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successful economy. but adam smith also said that you've got to value fairness and responsibility, and the values that we think important in our everyday life my people that are friends of yours who don't show integrity who you can't trust and are not responsible and don't do their duty and live off the backs of other people rather than contribute to the common good. and in the same way he said the economy, and we would now save big multi-national companies, if they don't exhibit these values, then there is a danger that we will have -- as we had two or three years ago -- markets that don't self-regulate, but markets that self-destruct. so i would say that the values that he wrote about in the 18th century are still the values that have got to guide our economy. and i think the 20th century was a battle between markets and states. what power should markets have, what power should governments
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have? and you had one side saying that markets rules and the other -- ruled and the other side saying the state ought to be more important. the 21st century i think people will say that markets and states can both become vested interests, they can both take power at the expense of the ordinary citizen and the public service. and to control and temper and to supervise the operation of government and markets, they have got to be visibly underpinned by clear, ethical values. and you've got to test how markets are working and how governments are working according to these values. are they acting responsibly? is there integrity? can they be trusted? are they operating in a fair manner? and i think these are the values you've got to look for in a company and in countries operating as well as the values that you admire in the families and the neighborhoods where you live. and that's the case, i think, for political economy becoming more important in the study of economics in future, and that's
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why i would urge everybody who is thinking of a career in economics and business and finance to read some of the great works of political economy which show that an economy can sustainably prosper only when there is trust, integrity, responsibility and where people accept that in response to then being allowed to do everything that they want to do with their enterprise and in a competitive environment, they have got to exercise responsibility and not be reckless in their risk taking at the expense of others. is these are the values that i think are age-old, but the values that come out of our experience of learning lessons from the crisis. >> thank you. you have my vote. [laughter] >> i wish we could stay for another whole hour because this is terrific, but we have time for maybe two more questions. yes, sir. >> all right, thank you. hello, prime minister. my name is jasper, i am also from china, so i have, also, one question regarding china. what specific, like, suggestions or advice do you have for china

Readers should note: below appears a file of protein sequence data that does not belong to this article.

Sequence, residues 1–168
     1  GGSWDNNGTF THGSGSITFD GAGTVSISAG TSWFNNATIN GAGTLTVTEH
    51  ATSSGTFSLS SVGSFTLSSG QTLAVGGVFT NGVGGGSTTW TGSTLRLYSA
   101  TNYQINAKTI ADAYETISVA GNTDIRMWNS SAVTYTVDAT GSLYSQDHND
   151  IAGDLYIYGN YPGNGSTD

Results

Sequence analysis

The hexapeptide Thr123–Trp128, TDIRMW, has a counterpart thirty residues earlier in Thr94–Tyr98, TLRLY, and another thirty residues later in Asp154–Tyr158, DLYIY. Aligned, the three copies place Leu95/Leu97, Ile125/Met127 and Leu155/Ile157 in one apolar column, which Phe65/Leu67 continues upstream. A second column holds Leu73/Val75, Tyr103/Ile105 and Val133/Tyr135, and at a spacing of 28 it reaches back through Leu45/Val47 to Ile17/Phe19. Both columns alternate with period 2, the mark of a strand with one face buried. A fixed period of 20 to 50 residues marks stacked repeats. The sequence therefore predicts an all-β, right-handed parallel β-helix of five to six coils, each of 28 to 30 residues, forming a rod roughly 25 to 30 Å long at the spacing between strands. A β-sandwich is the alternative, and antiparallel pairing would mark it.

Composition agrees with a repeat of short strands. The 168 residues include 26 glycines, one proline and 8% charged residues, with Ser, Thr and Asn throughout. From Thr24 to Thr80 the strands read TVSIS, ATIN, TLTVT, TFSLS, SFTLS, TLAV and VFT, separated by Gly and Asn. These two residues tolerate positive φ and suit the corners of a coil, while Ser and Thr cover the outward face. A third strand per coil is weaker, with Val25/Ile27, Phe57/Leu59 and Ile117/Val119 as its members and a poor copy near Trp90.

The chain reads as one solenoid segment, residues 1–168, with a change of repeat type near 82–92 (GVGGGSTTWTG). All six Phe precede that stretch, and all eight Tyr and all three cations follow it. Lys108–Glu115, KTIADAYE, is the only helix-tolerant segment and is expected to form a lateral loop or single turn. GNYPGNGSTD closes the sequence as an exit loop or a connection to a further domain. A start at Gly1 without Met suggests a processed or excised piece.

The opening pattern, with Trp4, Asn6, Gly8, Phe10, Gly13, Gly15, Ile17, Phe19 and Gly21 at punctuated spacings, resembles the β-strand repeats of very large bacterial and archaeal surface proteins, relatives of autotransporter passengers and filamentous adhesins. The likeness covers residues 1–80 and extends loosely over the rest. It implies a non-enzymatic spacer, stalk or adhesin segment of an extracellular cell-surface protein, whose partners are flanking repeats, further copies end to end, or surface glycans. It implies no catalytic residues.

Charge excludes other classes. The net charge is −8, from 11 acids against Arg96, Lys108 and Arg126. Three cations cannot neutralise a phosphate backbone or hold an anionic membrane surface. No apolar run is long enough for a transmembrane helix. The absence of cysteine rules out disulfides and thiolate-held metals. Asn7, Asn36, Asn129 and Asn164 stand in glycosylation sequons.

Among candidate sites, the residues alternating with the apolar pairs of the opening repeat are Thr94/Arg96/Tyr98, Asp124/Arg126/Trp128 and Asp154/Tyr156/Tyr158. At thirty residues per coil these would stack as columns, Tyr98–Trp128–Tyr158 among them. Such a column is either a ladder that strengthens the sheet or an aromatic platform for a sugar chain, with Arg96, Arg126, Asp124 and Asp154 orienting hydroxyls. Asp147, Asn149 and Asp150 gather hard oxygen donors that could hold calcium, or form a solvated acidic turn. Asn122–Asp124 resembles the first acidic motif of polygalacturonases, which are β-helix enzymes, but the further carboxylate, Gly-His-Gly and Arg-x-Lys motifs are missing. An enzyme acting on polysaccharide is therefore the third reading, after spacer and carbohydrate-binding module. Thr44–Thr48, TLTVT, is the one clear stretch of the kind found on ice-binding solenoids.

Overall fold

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to boost its consumption which you said is very important and significant job for china to do and to adjust itself in the megatrend of globalization? that's my question, thank you. >> some of you may know that the amount of the national income consumed in america, so consumption as a share of national income in america is something like 70%. the amount of consumption in china as a share of national income is about 35%. so china is producing a great deal, but only a third of what it is producing is being consumed by it own citizens. and that's where china can do more to help itself and to help the world economy. you know, in the 19th century britain and america, which were among the first countries to industrialize -- germany and france -- not one of these countries committed themselves during the period of industrialization to the reduction or abolition of poverty. they may have thought they might be able to do something about it with welfare programs, but they were never explicitly committed to the abolition or to the mass